In Henry A. Proesel Park on Monday, there were sounds of celebration.
People of all ages sat at long picnic tables, laughing with their neighbors and eating from plastic plates loaded with food. Kids ran about, faces painted with colorful butterflies and stars.
They gathered together to celebrate Eid al-Fitr — a 3-day holiday marking the end of Ramadan, a month observed by fasting from sunrise to sundown.
Muslims in Lincolnwood and across Chicago are observing Eid with family and friends. Many turned out to their mosques Monday for early morning services.
Proesel Park’s event was organized by the Ojala Foundation in partnership with several other local groups. Many attendees were converts — who weren’t born Muslim but decided to choose the faith later in life.
Alma Campos, co-founder of the Ojala Foundation, said that makes gatherings like this one particularly special for her community. Many don’t have family who are Muslim, she said.
“So you’re fasting for all these hours, and at the end of the day you might be breaking your fast by yourself,” Campos said.
Campos said it’s important to help them feel supported. After all, connecting with community is an important part of Ramadan for all Muslims.
After two years of shutdowns and COVID-19 restrictions, Campos said Ramadan this year felt more normal.
“For the past two years we were really conservative getting everybody together. We had a lot of virtual things,” Campos said. “We did have community iftars every week, but we tried to be as cautious as we could. And a lot of people were still scared and afraid so they didn’t make it out.”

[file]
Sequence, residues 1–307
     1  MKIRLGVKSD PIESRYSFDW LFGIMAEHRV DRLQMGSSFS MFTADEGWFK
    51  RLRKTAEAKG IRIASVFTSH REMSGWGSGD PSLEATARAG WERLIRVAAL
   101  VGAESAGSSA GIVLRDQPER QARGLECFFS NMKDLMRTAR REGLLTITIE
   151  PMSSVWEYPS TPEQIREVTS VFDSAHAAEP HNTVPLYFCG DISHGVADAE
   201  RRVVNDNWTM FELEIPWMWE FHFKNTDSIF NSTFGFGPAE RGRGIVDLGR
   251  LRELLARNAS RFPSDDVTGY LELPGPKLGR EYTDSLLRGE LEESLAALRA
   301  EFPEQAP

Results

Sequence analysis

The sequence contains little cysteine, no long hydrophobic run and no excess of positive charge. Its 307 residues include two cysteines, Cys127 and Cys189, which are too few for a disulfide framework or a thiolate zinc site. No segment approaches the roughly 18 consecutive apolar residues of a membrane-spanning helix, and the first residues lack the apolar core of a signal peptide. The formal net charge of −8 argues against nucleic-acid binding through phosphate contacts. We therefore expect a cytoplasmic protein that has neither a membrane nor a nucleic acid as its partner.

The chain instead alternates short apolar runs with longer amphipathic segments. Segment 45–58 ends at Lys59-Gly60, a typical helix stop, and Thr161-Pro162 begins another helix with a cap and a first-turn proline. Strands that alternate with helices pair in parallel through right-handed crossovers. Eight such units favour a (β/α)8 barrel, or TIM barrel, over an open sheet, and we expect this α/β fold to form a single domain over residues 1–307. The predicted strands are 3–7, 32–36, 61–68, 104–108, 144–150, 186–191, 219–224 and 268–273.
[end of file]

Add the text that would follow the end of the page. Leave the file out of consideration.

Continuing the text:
This year, people are eating and laughing together again. Campos gestures to a long buffet-style table filled with all sorts of food. There were tacos, salad, watermelon, pastries and more.
The Ojala Foundation brought enough to eat, Campos said, “but our community is so generous that everybody brings something, so right now it’s a full never-ending table of food and sweets. And this is just from the goodness of their heart, is bringing stuff to share with everyone.”
Melissa Dababseh, a day-care provider in Chicago, said that kind of community spirit is what she loves about Eid celebrations.
She also loves the goody bags.
Dababseh helped pack 100 for the event, filled with candy and sweets. She said she loves to see the faces of kids getting a bag-full of candy after a month of fasting. Her 7-year-old son fasted for the first time this year, she said.
Eid always brings her a lot of happiness, Dababseh said.
“This year was especially joyful because COVID was on the low side, and we knew we were going to have an Eid celebration that would be outdoors, so that brought a lot of joy,” Dababseh said.